kilometer telescope

From this point, Yörük springs into action. The man unholsters his camera and mounts his kilometric telescopic lens. “I have an even bigger one,” he says, smiling. And from here, the man enters a battle with the wavesagainst which he fights to get the best possible frame.

There is time: as the Bosphorus is one of the busiest sea lanes in the world, giant ships like the Sailor Cat have to pass Istanbul in a lethargic walkalmost calm.

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“The photos that we manage to take here help us to better identify the ships. If, for example, we get good photos of the bridge, we can portray its characteristics, which will then help us to find said ship by satellite. Although in the end, of course, the most important volume of work we do is monitoring. The photographs are like the icing on the cake.”Yörük says.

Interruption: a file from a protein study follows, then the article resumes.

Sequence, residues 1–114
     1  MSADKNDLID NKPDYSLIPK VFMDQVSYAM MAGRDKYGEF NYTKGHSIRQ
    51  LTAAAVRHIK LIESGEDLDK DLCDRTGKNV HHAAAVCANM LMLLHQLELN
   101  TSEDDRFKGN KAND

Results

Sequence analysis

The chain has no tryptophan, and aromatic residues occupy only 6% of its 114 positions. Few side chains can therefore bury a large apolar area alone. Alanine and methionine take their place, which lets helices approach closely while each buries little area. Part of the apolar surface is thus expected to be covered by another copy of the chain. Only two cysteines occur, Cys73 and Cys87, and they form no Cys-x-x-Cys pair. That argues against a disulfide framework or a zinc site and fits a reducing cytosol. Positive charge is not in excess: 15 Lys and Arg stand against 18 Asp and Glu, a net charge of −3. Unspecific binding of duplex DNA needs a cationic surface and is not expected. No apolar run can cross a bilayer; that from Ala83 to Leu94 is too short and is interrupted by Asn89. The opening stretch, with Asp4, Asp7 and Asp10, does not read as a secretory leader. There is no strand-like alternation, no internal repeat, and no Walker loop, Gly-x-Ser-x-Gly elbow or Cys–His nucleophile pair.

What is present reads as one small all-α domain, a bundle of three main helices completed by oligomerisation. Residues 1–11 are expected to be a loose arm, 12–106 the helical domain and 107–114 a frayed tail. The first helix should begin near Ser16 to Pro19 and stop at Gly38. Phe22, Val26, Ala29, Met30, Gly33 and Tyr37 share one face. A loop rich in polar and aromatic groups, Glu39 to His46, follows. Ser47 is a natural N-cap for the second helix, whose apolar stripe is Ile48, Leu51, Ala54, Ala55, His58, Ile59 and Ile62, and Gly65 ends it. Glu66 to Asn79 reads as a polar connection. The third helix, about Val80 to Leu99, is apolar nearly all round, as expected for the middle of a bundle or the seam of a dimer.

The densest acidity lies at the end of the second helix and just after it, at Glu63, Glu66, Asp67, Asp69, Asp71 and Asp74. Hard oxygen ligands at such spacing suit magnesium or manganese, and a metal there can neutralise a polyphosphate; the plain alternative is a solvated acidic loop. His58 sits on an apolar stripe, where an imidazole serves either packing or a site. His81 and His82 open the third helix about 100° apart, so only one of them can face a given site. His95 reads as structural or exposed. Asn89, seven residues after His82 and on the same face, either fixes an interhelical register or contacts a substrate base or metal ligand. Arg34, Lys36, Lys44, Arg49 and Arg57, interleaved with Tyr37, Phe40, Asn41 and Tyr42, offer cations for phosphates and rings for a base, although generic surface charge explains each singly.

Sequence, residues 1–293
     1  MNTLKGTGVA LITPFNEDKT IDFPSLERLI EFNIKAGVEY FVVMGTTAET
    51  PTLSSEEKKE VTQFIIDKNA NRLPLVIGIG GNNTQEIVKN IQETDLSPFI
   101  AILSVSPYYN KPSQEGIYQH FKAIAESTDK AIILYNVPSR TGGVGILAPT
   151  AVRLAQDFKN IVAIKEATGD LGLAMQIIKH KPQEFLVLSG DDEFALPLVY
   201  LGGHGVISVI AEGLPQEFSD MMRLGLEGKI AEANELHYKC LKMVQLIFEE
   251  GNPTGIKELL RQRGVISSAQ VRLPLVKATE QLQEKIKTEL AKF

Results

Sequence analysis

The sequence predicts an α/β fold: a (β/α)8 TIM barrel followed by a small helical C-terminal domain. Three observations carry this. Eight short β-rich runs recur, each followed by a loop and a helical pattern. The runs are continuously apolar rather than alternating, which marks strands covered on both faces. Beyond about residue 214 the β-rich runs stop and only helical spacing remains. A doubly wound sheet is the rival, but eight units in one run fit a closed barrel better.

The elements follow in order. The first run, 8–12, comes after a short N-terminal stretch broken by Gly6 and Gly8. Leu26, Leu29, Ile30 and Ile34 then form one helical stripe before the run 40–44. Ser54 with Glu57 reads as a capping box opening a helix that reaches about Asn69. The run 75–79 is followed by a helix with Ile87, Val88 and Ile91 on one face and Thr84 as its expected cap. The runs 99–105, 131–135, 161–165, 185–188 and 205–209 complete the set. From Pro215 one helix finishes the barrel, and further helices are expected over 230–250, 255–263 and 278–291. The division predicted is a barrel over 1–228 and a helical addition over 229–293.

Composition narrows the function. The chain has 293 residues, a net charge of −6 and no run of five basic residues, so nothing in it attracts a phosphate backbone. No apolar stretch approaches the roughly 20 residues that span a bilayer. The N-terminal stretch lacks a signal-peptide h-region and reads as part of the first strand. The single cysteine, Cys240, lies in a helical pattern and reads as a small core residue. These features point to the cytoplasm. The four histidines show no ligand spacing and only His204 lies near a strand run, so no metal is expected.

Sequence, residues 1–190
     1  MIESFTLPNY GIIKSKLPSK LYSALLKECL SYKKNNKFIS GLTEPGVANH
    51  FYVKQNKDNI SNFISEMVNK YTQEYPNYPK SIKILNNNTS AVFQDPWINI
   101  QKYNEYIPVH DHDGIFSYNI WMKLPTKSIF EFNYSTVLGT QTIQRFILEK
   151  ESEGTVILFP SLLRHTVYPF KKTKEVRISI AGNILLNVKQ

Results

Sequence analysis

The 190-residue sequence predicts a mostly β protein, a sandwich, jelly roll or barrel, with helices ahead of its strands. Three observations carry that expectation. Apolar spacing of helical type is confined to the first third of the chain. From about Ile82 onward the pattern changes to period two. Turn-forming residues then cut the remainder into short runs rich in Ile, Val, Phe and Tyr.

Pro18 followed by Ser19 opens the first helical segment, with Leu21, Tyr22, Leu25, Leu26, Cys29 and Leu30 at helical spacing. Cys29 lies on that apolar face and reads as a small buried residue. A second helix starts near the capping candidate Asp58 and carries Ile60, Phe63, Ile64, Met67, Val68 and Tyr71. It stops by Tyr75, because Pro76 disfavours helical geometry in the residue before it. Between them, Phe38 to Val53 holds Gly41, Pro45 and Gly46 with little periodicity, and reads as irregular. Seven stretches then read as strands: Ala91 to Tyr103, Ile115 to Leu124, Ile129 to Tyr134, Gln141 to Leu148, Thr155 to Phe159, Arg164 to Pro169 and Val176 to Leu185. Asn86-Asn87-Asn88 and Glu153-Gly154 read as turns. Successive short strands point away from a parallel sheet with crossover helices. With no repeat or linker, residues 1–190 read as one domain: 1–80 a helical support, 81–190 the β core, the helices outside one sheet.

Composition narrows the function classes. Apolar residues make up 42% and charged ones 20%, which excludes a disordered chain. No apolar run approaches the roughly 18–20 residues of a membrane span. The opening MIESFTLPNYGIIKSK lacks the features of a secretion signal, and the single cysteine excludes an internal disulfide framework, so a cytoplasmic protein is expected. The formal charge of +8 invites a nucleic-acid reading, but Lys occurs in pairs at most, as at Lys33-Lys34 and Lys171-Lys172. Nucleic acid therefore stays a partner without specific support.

Already with the task done, the merchant disappears after the end of the Bosphorus, in the direction of the Black Sea. From there, she will probably return to Sevastopol, Crimea, where it will be loaded again with your precious merchandise to repeat the process again. In a few weeks, the Sailor Cat will cross Istanbul again, this time heading south, and it will remain what it is now: a Russian ship transporting wheat stolen from Ukraine.